Life insurer, FMI, hosted a thought-provoking event for financial advisers at the Century City Conference Centre, Cape Town on Friday, 23rd of February. The session saw three long-standing myths applied regularly in the financial industry dismantled by some of the industry’s top thought leaders, namely founder and CEO of Cannon Asset Managers, Dr Adrian Saville; former CEO of Lombard Life, Rob Rusconi; and FMI CEO, Brad Toerien.
The event was facilitated by Rusconi, who introduced the theme by stating that investment and risk planning are inextricably linked, and that there are many commonly-held outdated assumptions that drive financial planning today. He told the audience that their customers are real people with a complex mix of needs, and therefore the risk expert has to understand the investment context and the investment expert has to understand the risk context.
Toerien and Saville then tackled the same problems, but from different perspectives. In his presentation, Toerien said, ‘We tend to put risk planning and investment planning neatly into separate boxes when, in reality, they do the same thing. Risk planning is about protecting you from the financial consequences of bad things happening, so that you are able to accumulate wealth; and investment planning is about protecting and growing that wealth so that you can continue to earn an income at retirement. In many ways, they’re both about protecting your income.’ He then went
on to challenge three commonly-held industry myths that drive much of today’s financial planning.
The first myth is that you will earn a continuous, steadily-increasing stream of income until retirement. The reality, however, is that you have a 70% chance of having an injury or illness during your working career, which could affect your ability to earn an income. So, not only is there a high probability that your income will be interrupted, but there is no way to guarantee that it will increase steadily year-on-year.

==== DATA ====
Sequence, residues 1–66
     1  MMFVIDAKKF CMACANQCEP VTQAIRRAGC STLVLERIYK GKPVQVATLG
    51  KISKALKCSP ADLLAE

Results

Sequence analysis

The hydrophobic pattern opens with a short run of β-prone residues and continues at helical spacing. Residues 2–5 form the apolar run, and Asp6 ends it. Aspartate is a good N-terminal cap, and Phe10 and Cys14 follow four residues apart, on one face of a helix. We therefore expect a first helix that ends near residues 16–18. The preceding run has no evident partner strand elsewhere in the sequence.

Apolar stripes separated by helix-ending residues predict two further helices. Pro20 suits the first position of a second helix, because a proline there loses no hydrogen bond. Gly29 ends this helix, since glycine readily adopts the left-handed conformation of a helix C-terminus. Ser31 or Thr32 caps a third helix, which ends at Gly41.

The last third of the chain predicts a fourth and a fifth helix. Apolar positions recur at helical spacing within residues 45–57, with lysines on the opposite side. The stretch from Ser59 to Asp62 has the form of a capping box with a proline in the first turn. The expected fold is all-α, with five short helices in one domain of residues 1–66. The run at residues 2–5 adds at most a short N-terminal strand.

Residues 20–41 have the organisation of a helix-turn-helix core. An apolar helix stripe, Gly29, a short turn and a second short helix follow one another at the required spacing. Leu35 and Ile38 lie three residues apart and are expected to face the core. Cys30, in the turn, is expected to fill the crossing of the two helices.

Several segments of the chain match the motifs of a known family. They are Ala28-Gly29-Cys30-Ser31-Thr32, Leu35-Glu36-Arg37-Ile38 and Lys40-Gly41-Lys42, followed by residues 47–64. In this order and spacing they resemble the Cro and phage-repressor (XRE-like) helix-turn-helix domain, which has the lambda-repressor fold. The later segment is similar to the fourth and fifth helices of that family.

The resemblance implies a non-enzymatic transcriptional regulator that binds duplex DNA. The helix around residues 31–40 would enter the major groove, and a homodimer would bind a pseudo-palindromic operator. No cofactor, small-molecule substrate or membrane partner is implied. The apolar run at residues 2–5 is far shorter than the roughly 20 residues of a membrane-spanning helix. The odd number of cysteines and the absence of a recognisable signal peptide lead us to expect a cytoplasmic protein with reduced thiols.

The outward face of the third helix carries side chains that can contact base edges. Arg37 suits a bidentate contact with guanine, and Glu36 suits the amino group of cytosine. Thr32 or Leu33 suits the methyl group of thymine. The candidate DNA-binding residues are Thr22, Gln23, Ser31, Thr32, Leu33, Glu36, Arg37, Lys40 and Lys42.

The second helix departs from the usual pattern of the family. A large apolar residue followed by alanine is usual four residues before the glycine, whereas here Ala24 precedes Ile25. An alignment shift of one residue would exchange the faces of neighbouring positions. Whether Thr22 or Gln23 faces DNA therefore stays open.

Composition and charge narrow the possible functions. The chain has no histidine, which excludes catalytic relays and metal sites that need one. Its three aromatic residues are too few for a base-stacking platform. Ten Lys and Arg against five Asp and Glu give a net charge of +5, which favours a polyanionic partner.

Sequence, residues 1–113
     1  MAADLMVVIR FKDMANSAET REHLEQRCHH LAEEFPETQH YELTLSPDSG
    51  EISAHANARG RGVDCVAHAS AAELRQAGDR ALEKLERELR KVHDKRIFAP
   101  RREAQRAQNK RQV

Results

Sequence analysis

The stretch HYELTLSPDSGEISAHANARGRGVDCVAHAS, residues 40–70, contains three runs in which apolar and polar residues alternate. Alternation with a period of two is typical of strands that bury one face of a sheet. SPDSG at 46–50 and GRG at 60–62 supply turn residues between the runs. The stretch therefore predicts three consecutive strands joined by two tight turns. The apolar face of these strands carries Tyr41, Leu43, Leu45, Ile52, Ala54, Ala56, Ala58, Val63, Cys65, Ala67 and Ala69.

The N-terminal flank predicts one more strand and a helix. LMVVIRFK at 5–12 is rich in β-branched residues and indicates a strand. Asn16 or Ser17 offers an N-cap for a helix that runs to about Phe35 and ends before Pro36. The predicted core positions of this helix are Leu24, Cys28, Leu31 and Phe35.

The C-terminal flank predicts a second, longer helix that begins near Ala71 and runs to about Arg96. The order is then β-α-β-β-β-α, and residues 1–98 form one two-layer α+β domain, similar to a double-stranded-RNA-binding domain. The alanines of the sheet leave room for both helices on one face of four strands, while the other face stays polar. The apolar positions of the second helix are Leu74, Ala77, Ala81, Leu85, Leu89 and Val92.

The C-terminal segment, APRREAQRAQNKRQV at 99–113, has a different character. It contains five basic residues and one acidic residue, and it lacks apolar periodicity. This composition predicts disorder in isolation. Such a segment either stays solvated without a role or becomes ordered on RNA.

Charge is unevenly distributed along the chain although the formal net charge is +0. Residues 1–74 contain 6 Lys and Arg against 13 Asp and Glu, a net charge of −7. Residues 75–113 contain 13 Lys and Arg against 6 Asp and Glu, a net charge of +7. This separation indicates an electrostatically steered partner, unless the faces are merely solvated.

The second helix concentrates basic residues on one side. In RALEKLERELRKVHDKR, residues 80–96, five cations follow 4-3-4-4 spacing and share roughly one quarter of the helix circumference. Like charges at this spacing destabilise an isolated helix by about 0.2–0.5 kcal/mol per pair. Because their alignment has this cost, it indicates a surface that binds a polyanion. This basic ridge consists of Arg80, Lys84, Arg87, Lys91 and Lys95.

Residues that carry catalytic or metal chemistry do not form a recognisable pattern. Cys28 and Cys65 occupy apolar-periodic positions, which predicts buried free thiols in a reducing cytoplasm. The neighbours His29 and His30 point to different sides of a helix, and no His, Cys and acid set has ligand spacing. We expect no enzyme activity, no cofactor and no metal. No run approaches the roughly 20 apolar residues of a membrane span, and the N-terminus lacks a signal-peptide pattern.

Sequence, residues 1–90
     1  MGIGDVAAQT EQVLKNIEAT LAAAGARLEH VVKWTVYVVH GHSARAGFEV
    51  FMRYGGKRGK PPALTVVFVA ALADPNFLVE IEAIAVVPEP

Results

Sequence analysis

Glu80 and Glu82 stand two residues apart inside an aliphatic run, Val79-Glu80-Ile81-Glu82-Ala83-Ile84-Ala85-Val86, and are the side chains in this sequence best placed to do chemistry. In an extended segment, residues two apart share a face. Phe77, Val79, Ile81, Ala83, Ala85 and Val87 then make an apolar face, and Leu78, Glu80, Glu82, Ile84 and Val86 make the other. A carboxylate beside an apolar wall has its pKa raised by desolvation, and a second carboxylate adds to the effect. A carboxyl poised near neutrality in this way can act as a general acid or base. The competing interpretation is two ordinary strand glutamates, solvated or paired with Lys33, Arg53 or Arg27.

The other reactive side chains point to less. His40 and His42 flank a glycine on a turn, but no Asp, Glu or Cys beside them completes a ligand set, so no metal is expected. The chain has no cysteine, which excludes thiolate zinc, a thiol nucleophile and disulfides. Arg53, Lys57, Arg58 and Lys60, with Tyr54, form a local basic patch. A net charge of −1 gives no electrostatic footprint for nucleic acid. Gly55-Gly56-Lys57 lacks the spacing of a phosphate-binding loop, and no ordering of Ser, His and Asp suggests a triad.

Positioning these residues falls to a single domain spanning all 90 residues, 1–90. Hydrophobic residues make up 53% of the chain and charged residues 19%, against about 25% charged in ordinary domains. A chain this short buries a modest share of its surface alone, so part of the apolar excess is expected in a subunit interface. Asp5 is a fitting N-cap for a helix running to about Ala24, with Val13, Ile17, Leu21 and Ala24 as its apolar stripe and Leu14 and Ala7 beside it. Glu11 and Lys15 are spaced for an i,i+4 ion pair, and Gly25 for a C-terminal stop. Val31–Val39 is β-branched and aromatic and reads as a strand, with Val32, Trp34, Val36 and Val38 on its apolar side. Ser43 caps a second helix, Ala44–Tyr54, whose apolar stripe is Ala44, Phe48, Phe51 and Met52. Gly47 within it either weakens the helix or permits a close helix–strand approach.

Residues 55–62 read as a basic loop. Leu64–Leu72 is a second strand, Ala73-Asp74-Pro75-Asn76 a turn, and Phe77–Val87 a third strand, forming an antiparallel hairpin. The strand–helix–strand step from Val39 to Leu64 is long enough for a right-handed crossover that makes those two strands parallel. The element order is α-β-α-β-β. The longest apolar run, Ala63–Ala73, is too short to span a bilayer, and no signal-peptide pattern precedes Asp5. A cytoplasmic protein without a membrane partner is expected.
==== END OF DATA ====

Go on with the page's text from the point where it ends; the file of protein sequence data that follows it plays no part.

The second myth is that you know exactly how much you will need to retire, when the truth is we underestimate how much we need and don’t take costs like rising medical expenses post-retirement into account.
Finally, the third myth is that you will retire at 65 and live until 90, when in reality, most people can’t afford to retire at age 65 or simply don’t want to. Individuals are also living longer, healthier lives with higher life expectancy, which means post-retirement money needs to last longer.
Toerien offered a solution through FMI’s HouseViewTM approach, which FMI considers to be the most efficient way to do life insurance. They believe that your greatest asset is your ability to earn an income and that all insurance benefits should be designed to protect this. And the best way is with a life insurance product that provides a combination of monthly income and lump sum benefits in the event of temporary or long-term disability, critical illness or death. The income benefits are ideally suited to meet your ongoing monthly expenses, while the lump sum benefits provide for any once-off costs like settling large debts or estate duty.
‘If one recognises that income benefits are a much better fit to the way you approach your life and that they are much cheaper, it will affect the way you select your risk benefits.’ Toerien went on to say that FMI’s HouseViewTM can give clients better cover, provide them cover that is tailored to their needs, remove the inherent risks that come with managing a large lump sum of money and save them a significant sum of money, which they can use towards their investment contributions.
Saville then took to the stage and shared his conventional wisdoms from this 20 years’ experience in the industry. These conventional wisdoms debunk the myths and help you achieve the investment returns that are available.
In keeping with the theme, he began by saying, ‘The world in which we live is filled with myths and those myths lead to fear, greed, uncertainty, pursuit of holy grails and non-existent pots of gold, and some people who never venture anywhere for fear of going off the edge of the earth. I think Brad has done a great job of sharing his experiences in understanding people’s approach to risk management. I have seen the same holes when observing people’s behaviour in the management of investments.’
Saville concluded by saying, ‘It’s about ensuring your 70s and 80s are successful and effective, and that we can reward ourselves with the quality of life that we can afford.’
Food for thought and cause for action.
Issued by FMI